By Cliff Ortmeyer, Head of Marketing at Newark
Manufacturers seek new technological innovations to improve productivity and, ultimately, their market competitiveness. It’s why the Industrial Internet of Things (IIoT) has drawn the industry’s attention to the benefits of making their factories smarter and more data-driven.
Yet, large changes in ways of working can cause confusion, inaction, or even introduce risk. Manufacturers can easily become overwhelmed by all that they don’t know – what new devices should they add, what new data they will generate, and how they keep that data safe.
Recent surveys of executives and decision makers found that security is a top concern in adopting IIoT. While they are excited about the ability to extract new value from the devices they already have, they are concerned about the business risks that IIoT done poorly could have on their operations.
Manufacturers also need a network that is well architected to ensure the reliability and resiliency of their systems as the devices (such as sensors and actuators) become digitized and interconnected. But increasing interconnectivity also brings a risk of cyberattacks. Unfortunately, it’s too common a fact that, when manufacturers connect a device – wired or wirelessly – they need to accept that, at some point in the service lifecycle of that device, ‘somebody’ will try to attack the device itself or the protocols and standards it uses.
That’s because these devices were originally designed to be used in well structured, closed systems; not to be connected and exposed to corporate networks or the Internet where they might be subject to unintentional traffic or intentional attack. As such, most protocols used in industrial systems today have limited built-in security. The devices often have been tested on how well they behave under proper conditions, and those devices can fail when exposed to malformed packets or excess traffic.
Consequently, the benefits of the IIoT cannot be achieved without multiple layers of security that successfully protect all the networked systems and devices. Secure communication, secure network monitoring and securing code execution at the device level are all essential, not optional.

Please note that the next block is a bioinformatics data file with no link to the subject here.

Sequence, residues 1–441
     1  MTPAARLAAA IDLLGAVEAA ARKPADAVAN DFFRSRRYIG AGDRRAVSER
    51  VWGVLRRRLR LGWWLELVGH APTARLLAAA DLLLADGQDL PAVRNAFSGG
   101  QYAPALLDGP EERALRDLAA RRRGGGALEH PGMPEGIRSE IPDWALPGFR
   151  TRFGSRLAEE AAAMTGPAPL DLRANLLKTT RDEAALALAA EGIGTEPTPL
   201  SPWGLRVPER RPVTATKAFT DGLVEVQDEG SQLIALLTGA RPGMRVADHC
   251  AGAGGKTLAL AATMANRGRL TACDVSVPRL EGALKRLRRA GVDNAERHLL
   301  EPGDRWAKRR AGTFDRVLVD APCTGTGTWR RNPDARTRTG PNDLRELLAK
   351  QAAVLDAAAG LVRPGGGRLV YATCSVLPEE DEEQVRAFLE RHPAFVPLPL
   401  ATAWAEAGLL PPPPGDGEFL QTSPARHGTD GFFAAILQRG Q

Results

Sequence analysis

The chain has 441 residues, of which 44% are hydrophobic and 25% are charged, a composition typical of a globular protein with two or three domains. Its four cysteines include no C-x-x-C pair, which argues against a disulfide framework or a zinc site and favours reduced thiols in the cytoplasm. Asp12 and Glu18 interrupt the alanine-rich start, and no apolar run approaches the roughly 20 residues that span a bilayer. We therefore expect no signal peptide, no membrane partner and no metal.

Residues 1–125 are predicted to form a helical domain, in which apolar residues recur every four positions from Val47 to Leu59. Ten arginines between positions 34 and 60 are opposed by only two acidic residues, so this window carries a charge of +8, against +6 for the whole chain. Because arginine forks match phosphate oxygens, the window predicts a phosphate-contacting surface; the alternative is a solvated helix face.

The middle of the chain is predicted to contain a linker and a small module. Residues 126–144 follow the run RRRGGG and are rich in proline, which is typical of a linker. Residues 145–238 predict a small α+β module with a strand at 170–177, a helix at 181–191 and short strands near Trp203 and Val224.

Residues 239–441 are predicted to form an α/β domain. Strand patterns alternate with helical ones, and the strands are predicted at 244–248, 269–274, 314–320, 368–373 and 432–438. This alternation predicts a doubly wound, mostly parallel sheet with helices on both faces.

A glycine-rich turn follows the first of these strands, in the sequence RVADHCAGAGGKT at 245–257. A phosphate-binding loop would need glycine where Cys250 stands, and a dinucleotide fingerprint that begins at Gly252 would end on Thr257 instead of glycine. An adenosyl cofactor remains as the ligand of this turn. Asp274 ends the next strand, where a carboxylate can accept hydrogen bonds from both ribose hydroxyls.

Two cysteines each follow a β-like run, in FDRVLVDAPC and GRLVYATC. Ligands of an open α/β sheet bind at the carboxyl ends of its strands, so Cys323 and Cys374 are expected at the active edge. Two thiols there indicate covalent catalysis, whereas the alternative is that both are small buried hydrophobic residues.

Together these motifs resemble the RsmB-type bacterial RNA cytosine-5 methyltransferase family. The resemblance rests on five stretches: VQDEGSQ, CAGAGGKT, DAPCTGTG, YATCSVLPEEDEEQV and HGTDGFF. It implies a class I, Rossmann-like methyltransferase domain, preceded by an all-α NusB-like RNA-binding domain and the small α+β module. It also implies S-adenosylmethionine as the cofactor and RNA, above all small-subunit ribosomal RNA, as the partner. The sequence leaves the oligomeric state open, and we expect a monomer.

It’s critical that manufacturers address security issues at every layer. While traditional endpoint security and network-monitoring technologies protect IT business applications, the technologies won’t work for the embedded devices in the IIoT. These operational assets must be protected against cyberattacks by integrating security directly into the endpoint devices themselves.
The following lays out the key areas that must be addressed for effective IIoT security:
• Preservation of functionality – Embedded control devices are at the heart of smart factories. Successful cyberattacks on them can have catastrophic consequences; thus, security solutions must protect both the data stored on networked embedded devices and safeguard the operations they perform.
• Attack replication – Embedded devices are mass-produced. If a hacker can find a way to successfully attack one of these devices, that attack can be replicated across all devices of the same type. Thus, a single-point breach can become a mass-failure mechanism.
• Assumed security – Many manufactures believe that embedded devices are not targets for hackers. That assumption is no longer true and security should be considered a top priority for most embedded designs.
• Upgrade difficulties – Unlike other networked devices, embedded devices are not easily patched. After they are deployed, they run factory-installed software for as long as they remain operational, even if that code has security vulnerabilities.
• Long life cycles – Life cycles of embedded devices are typically much longer than life cycles for PCs or consumer devices and they may be in the field for 15 to 20 years or more. Implementing designs that will withstand the ever-evolving security threats expected over the next two decades is a tremendous system engineering challenge.
• Deploying outside enterprise security perimeter – Embedded devices are either mobile or deployed in application environments. As a result, they may be directly connected to the internet, totally outside the security protections installed in corporate environments.
With these concerns in mind, where can manufacturers turn for help in figuring out their IIoT security approaches? The good news is there is an abundance of resources available. The ISA/IEC 62443 Cybersecurity is a good starting point for guidance on how to access and enhance IIoT system design. Another good source is the Industrial Internet Consortium, a global organization of over 200 companies that promotes the accelerated growth of the IIoT. It has recently published the Industrial Internet Security Framework Technical Report with best practices guidance.
Likewise, organizations list NIST and SANS have also published Industrial Internet security recommendations. Belden has also developed a simple “1-2-3” approach to help you assess where you are and take simple, concrete steps to enhance your system’s security.
However, before you begin any changes to your system, it is essential to start with a risk and vulnerability assessment. Once you know what are your most important assets and biggest risks, you can prioritize what to protect first and develop a plan.
Filed Under: IoT • IIoT • internet of things • Industry 4.0